I know that it might sound a bit scandalous coming from a food lover, but it was only 6 years ago that I had Japanese food for the first time. Crazy, isn't it!? All I knew about Japanese cuisine was sushi, and though friends assured me that there are vegetarian versions as well as a great deal beyond sushi, I was always suspicious. They must sneak fish into the so-called vegetarian maki somehow, I figured. I was pleasantly surprised when visiting friends selected a Japanese restaurant in Paris and I had cucumber and avocado makis for the first time, back in 2006. I later came to find out that most so-called Japanese restaurants in Paris aren't Japanese but rather run by Chinese or Koreans. Luckily, there were some more authentic options, particularly around Rue Sainte Anne in the 1st arrondissement, where I discovered ramen, yakisoba and other Japanese noodle dishes and soups.
Here in Bangkok though, my exposure to and appreciation of Japanese food has been taken to a whole new level! There are tons of Japanese expatriates living here, with a high concentration in the part of town where we live. There are Japanese gastronomic restaurants, cheap chain places straight out of Japan (such as Ootoya, Fuji, Oishi and Zen), ramen shacks, bakeries and ice cream shops...all as far as the eye can see! Thais are a food obsessed people, and after their own cuisine Japanese is said to be their next favorite. Maybe this would explain why Arena Ten, a sporting and entertainment complex on our street, is chock full of Japanese restaurants. There are many nice looking options, but we always gravitate towards Izakaya Stadium, a casual place where there is an all you can eat menu for 499 baht, which is about 13 euros or 16 USD. An izakaya is basically a casual, after-work drinking joint in Japan which serves snacks to accompany the booze. Many izakayas allow you to order anything and everything you want from the menu. At Izakaya Stadium, you can add on all you can drink beer for just 149 baht more.
Among the small bites, Luis often gets some kind of yakitori (grilled meat on a little stick) which he loves to wash down with a miso soup, while I opt for the different veggie tempuras (they have onion, asparagus, daikon radish and shitake mushroom) which are served with a sweet soy sauce.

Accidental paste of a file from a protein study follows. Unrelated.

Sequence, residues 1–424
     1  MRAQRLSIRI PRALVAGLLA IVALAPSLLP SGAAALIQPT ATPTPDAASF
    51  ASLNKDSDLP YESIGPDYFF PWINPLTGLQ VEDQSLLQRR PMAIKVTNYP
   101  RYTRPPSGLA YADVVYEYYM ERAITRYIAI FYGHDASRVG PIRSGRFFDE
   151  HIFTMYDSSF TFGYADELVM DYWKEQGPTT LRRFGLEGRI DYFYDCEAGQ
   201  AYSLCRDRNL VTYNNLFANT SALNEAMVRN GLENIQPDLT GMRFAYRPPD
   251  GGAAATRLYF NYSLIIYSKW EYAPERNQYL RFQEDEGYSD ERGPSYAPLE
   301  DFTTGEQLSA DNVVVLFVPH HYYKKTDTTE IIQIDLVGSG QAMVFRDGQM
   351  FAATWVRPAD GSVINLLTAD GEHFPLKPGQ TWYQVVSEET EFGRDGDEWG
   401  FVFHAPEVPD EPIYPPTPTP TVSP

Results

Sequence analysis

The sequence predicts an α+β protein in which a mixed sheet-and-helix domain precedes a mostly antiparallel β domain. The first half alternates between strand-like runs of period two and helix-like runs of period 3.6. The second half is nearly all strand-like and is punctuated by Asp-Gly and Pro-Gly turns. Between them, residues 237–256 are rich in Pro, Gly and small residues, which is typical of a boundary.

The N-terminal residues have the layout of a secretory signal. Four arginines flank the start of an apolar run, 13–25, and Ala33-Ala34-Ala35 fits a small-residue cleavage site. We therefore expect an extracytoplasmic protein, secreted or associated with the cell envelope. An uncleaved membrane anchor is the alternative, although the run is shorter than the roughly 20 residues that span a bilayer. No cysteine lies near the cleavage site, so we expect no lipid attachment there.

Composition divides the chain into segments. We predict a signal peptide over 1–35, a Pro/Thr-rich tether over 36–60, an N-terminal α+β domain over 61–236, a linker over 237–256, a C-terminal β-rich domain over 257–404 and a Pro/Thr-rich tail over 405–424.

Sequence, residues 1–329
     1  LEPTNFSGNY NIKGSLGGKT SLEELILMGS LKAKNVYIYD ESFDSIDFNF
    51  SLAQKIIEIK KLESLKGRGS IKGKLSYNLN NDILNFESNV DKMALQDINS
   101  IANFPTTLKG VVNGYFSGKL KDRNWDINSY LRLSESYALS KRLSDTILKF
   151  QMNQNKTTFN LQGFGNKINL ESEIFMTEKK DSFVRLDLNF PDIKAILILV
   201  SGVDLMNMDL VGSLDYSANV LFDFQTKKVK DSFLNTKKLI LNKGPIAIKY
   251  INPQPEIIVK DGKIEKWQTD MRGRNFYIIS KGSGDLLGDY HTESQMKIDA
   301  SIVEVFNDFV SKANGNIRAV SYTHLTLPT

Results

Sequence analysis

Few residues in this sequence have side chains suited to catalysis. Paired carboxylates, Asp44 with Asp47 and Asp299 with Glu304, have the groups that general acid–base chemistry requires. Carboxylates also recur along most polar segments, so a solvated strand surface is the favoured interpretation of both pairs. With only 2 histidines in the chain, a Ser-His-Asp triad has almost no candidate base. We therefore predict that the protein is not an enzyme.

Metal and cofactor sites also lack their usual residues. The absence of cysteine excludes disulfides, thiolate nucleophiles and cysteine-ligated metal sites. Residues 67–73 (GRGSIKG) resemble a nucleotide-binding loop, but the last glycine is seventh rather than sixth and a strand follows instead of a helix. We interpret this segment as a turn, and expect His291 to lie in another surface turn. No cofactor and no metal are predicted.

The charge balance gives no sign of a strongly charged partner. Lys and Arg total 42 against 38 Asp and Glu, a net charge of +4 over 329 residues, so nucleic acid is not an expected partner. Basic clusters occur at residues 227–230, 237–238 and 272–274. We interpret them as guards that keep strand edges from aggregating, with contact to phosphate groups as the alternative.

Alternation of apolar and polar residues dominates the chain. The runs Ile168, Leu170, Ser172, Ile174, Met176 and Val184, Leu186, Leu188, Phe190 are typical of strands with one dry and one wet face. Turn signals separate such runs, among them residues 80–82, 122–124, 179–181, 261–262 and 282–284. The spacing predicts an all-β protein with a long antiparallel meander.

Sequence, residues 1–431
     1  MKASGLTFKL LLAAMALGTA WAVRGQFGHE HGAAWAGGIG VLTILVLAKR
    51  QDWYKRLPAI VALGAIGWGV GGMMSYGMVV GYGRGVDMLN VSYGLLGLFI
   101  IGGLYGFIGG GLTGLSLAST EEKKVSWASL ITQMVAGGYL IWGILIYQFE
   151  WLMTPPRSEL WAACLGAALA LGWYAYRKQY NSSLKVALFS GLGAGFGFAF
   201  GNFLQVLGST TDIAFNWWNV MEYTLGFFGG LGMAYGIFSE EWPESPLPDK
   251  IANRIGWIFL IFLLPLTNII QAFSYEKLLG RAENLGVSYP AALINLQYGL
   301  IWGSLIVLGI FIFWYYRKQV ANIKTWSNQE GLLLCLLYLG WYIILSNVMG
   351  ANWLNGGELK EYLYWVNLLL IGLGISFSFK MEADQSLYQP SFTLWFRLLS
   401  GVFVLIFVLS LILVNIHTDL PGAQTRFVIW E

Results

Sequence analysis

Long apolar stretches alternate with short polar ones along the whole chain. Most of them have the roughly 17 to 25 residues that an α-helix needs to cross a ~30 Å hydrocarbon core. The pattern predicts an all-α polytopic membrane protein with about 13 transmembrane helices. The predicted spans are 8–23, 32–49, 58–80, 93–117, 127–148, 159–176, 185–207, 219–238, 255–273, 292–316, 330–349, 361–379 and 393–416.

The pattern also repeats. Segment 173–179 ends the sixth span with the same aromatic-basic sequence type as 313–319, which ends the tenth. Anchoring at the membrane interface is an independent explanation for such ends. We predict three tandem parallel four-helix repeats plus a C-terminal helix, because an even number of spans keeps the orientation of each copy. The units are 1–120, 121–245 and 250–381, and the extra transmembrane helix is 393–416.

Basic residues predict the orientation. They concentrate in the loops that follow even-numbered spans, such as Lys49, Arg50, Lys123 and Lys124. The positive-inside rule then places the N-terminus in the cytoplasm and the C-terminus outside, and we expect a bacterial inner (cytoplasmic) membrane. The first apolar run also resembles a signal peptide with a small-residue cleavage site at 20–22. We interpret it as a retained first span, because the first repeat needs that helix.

On my quest to discover different types of Japanese food, I don't bother with the makis or any other kind of roll, though there are vegetarian options (it just takes a bit of time to understand this from the servers). Luis, on the other hand, loves both the salmon roll and the kaisen spicy roll. Unlike in the Japanese establishments that I'm used to, you have to ask for wasabi and there is no pickled ginger available (boo! Luis now brings his own).
Another one of my favorites at Izakaya Stadium is the tofu salad. Soft cubes of tofu served with a salad of grape tomatoes, grated carrot and cabbage with a delicious ginger-sesame-miso dressing...just perfect!
We've never gone for the beer buffet to accompany our dinner at Izakaya Stadium but rather opt for the soft drinks (I like the iced green tea). Dessert selections are limited to a few flavors of ice cream and a chocolate and banana or strawberry crepe, but we never have much room for dessert anyway after all this Japanese goodness. Luckily we're just a two minute walk away, so we can quickly stumble home afterwards!
If you're in Bangkok and hankering to have some Japanese, you certainly won't be lacking for options. But if you want a totally casual, no-frills, tasty experience and to get to know Japanese cuisine better and prepare for an eventual trip there (I for one can't wait to visit!), give Izakaya Stadium a try.
Arena 10 Complex
Thonglor Soi 10
Sukhumvit Soi 55